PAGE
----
AUTISM-RELATED WANDERING: The Facts from AOTA

What is wandering?

Wandering is the tendency to try to leave the safety of a responsible person’s care or a safe area, which can result in potential harm or injury. This might include running away from adults at school or in the neighborhood, leaving the classroom without permission, or leaving home when no one is looking. Wandering or bolting is considered common and short-lived in toddlers, but it may persist or reemerge in children and adults on the autistic spectrum. Children with Autism Spectrum Disorder (ASD) have challenges with social skills, communication and safety awareness. This makes wandering, also referred to as elopement, bolting, fleeing, running, a potentially dangerous behavior.

How common is wandering in children with ASD?

  • Nearly half of the children diagnosed with ASD wander at one time or another
  • Increased risks for wandering are associated with increased severity of ASD
  • More than a third of the children with ASD who wander/elope are never or rarely ever able to communicate their name, address, or phone number
  • Half of the families living with a child with ASD report they have never received advice or guidance about elopement from a professional
  • Accidental drowning accounts for approximately 90% of lethal outcomes

Wandering types:

Goal-directed wandering: wandering with the purpose of getting to, or away from, something

Bolting/Fleeing: the act of suddenly running, usually to quickly get away from something

What are the risks?

Drowning; dehydration; heat stroke; hypothermia; traffic injuries; falls; physical restraints; encounters with strangers; encounters with law enforcement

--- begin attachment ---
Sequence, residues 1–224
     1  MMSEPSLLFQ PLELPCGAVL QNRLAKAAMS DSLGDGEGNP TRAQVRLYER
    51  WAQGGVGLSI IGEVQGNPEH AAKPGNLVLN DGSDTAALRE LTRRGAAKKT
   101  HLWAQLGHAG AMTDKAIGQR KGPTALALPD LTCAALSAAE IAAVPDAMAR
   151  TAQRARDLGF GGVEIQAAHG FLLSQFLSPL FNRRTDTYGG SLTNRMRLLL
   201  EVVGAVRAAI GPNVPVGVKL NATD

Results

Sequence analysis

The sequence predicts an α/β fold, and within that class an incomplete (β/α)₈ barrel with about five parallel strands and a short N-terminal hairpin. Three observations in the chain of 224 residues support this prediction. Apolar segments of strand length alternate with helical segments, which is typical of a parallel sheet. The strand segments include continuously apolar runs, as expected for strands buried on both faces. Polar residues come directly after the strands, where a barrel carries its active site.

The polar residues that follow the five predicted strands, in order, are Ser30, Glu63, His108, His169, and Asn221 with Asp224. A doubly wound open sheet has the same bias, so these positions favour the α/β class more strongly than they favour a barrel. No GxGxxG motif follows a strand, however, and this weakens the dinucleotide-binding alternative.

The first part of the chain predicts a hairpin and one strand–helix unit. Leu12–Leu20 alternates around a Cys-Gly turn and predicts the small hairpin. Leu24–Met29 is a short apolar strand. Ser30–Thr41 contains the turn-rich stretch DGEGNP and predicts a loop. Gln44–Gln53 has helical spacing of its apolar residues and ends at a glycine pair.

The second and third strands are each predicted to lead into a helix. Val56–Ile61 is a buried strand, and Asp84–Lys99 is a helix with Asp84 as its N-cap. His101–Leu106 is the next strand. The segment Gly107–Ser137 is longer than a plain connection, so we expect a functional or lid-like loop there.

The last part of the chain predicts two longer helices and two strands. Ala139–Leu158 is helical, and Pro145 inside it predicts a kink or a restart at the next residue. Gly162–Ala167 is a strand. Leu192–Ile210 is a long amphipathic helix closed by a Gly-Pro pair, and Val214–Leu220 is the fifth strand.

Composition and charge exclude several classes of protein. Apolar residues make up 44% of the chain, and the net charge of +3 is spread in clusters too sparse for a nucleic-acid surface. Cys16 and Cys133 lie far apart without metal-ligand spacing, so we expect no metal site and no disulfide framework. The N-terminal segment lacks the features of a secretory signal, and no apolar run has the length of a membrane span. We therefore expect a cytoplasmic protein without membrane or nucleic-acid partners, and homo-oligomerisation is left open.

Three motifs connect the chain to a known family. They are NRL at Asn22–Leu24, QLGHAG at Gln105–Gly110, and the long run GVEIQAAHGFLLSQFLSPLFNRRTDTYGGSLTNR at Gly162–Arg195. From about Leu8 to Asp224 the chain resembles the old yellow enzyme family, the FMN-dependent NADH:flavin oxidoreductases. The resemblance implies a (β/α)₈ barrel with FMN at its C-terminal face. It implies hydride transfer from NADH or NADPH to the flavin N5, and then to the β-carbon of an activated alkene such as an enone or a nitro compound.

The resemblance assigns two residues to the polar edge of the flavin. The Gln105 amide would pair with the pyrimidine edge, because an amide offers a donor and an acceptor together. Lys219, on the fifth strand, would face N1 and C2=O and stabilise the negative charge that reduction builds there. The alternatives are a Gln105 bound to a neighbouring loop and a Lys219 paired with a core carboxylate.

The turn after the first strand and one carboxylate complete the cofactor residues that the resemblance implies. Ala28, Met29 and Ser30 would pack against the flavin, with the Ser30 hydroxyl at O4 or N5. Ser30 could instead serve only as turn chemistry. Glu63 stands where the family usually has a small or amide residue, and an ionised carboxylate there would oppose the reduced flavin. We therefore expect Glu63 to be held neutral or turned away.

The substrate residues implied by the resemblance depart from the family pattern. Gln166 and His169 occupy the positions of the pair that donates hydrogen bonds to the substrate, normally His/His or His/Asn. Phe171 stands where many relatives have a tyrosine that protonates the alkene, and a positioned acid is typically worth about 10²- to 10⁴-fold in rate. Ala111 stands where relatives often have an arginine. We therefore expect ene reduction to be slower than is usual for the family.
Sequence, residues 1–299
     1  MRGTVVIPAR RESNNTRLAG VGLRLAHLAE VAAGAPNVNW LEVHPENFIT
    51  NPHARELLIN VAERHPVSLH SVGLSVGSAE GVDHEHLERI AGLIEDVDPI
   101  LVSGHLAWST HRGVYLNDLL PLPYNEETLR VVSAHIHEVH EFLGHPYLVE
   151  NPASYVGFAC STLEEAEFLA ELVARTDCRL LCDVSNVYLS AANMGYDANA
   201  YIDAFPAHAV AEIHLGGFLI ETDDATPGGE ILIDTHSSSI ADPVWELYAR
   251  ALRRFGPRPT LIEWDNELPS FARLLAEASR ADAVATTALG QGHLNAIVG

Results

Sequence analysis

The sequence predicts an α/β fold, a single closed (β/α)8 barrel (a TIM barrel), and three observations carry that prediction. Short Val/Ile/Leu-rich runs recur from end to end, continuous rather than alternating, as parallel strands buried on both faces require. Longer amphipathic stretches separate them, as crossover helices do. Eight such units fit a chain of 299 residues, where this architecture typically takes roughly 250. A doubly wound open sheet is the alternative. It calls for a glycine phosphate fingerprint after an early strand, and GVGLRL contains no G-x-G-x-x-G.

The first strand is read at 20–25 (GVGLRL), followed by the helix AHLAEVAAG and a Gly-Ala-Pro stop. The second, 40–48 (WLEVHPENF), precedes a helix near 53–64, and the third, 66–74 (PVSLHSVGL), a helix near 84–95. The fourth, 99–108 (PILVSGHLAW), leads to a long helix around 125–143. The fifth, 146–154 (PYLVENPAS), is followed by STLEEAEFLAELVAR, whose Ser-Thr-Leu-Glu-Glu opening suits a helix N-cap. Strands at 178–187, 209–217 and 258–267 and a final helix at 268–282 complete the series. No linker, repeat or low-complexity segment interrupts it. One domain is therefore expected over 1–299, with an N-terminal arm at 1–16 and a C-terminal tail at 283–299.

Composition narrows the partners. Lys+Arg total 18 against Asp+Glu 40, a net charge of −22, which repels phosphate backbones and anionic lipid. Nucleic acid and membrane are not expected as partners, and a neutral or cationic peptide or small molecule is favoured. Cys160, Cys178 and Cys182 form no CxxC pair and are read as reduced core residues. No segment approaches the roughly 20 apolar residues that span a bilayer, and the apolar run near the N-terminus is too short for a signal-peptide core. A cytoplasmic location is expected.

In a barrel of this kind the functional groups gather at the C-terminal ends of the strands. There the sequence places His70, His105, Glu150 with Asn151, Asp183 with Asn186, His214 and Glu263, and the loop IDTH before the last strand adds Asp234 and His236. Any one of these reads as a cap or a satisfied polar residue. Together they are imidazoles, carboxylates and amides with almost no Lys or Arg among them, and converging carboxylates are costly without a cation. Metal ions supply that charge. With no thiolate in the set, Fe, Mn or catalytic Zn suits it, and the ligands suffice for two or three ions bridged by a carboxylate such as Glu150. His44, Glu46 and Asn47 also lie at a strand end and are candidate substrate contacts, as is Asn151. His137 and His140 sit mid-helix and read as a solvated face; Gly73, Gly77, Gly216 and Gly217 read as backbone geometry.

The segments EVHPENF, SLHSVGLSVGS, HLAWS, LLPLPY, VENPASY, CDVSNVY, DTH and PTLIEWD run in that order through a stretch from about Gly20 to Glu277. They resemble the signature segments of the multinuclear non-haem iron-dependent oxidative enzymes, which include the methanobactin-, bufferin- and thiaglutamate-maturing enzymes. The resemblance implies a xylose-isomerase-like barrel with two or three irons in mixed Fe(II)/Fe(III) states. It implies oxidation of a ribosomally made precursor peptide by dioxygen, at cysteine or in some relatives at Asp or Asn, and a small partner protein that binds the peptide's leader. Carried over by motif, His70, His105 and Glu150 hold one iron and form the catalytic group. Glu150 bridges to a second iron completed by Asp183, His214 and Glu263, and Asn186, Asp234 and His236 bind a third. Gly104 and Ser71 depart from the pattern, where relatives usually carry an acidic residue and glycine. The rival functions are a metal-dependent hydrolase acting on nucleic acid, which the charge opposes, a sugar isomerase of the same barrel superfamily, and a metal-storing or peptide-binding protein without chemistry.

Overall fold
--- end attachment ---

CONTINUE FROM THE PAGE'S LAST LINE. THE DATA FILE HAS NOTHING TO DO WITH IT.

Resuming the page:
When does wandering happen?

  • Warmer months and holidays such as the Fourth of July
  • Outdoor activities such as camping, hiking or other gatherings
  • Visits to a new place,  such as a friend’s home or a vacation setting
  • Times of transition, such as when a family moves to a new home, a child goes to a new school or when renovations have been made to accommodate warmer weather especially window screens, window fans, A/C units and screen doors
  • Transitions from one classroom to another, or during other school-day transitions.
  • Times of stress or when escalation triggers arise (typically the child/adult will bolt)

How can an occupational therapist help?

  • Educating  first responders about autism, including sensory preferences and social challenges, to assist in search and rescue efforts
  • Providing families with resources to address safe routines such as The Big Red Safety Toolkit http://nationalautismassociation.org/docs/BigRedSafetyToolkit.pdf
  • Video-modeling to increase safety within the  community, such as adhering to street sign signals.
  • Designing safe school bus evacuations programs
  • Developing swimming programs for children with ASD through a partnership with departments of recreation
  • Addressing anxiety and impulse control through relaxation techniques, social stories and other strategies in order to prevent bolting
  • Offering activity and environmental surveillance on playgrounds to increase safe and accessible play for children of all abilities